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Marijuana in Milwaukee: An overview of municipal marijuana policy in Milwaukee and other U.S. cities

Our new report finds that few Milwaukeeans who are cited for first-time, small-scale marijuana possession offenses spend time behind bars for failure to pay fines, though jail time for second and subsequent offenses is much more common. We also find that cities around the country have changed their marijuana laws and policies in a variety of ways, offering a range of options to consider for City of Milwaukee and state policymakers who are intent on making changes here.

Other key findings from the report include the following:

  • Most individuals found guilty of first-time marijuana possession charges by municipal authorities do not pay the fines they are given. In fact, payments of any amount were made in only 42% of cases during a recent period of more than three years; only 28% of the fines were paid in full.
  • Milwaukee County circuit court data from 2013 and 2014 on cases prosecuted by the D.A. that only involved a second or subsequent marijuana possession offense suggest that a majority of those cases resulted in felony convictions and sentences to time in jail.
  • Changing the law to treat all minor marijuana possession offenses as municipal violations - as opposed to criminal charges - likely would have a greater impact on reducing marijuana-related incarceration and preserving justice system resources than reducing municipal fine amounts. The two actions also could be pursued concurrently.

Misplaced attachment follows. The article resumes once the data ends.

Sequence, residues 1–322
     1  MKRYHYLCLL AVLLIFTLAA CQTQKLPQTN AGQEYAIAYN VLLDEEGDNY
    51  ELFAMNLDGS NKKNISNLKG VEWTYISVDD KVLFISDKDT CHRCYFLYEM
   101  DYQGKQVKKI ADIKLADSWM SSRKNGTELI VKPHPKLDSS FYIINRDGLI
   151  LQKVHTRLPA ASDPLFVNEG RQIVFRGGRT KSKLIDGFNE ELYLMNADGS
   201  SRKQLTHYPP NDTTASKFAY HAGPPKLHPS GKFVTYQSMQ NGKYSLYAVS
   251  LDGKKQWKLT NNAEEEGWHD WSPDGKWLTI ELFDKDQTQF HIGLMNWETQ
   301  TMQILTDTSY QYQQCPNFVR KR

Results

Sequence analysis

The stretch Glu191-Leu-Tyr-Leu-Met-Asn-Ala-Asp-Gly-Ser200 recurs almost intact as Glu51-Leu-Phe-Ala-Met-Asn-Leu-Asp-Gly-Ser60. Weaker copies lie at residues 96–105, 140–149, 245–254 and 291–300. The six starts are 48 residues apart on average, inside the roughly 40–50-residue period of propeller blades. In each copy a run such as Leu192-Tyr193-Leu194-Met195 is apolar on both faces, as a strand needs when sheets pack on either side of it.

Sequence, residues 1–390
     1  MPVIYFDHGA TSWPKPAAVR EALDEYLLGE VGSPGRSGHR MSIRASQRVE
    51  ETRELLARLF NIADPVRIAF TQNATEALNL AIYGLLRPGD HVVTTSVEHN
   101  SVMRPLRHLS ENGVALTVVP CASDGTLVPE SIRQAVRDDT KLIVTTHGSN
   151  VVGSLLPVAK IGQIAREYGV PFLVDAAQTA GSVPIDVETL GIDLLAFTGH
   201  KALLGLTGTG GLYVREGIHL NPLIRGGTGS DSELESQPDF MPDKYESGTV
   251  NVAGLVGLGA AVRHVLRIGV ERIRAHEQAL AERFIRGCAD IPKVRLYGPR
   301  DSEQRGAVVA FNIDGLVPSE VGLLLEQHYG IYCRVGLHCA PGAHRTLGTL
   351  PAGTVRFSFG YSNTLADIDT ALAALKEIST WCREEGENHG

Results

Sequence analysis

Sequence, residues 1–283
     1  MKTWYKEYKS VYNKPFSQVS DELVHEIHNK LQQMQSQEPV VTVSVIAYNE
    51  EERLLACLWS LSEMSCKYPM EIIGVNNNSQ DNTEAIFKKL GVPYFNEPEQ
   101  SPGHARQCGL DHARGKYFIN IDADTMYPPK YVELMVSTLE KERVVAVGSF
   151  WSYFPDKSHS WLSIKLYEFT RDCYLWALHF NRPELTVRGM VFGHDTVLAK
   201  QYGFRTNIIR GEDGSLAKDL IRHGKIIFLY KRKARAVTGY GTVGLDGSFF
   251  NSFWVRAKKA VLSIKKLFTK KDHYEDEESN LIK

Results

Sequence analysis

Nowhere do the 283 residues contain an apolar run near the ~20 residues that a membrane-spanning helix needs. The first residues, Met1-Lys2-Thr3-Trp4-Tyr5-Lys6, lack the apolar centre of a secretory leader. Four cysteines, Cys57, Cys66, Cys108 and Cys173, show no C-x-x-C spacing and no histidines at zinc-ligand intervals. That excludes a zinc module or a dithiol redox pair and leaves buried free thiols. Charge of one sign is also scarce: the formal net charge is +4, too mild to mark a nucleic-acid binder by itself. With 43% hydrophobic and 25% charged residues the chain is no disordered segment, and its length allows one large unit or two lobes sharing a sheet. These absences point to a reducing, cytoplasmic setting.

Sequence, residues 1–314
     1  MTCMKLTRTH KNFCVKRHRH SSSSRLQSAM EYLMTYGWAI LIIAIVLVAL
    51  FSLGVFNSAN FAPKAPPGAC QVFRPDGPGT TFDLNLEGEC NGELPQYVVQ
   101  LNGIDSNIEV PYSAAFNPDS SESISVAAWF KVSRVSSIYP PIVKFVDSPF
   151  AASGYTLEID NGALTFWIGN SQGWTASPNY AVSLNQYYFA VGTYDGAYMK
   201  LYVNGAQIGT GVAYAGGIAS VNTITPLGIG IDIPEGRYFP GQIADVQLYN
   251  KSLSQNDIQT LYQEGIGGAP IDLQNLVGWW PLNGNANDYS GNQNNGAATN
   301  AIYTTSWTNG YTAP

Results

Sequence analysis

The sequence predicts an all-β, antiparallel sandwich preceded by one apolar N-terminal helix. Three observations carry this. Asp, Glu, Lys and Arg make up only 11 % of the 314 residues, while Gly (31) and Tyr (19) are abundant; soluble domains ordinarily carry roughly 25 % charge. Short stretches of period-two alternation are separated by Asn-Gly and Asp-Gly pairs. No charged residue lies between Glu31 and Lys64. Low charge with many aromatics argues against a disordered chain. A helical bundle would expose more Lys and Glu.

A follow-up report - to be released later this year - will dig deeper into justice system data to provide even greater insight into the societal and fiscal impacts of Milwaukee's existing marijuana legal paradigm and where (if at all) potential change might be most appropriate.

Report Brief | Full Report | Blog | Press Release Presentation


Milwaukee Common Council Public Safety Committee
May 28, 2015


Media Coverage

"New report looks at marijuana laws and policies in Milwaukee"
Wisconsin Public Radio

"First-time pot offenders are rarely jailed, study finds"
Milwaukee Journal Sentinel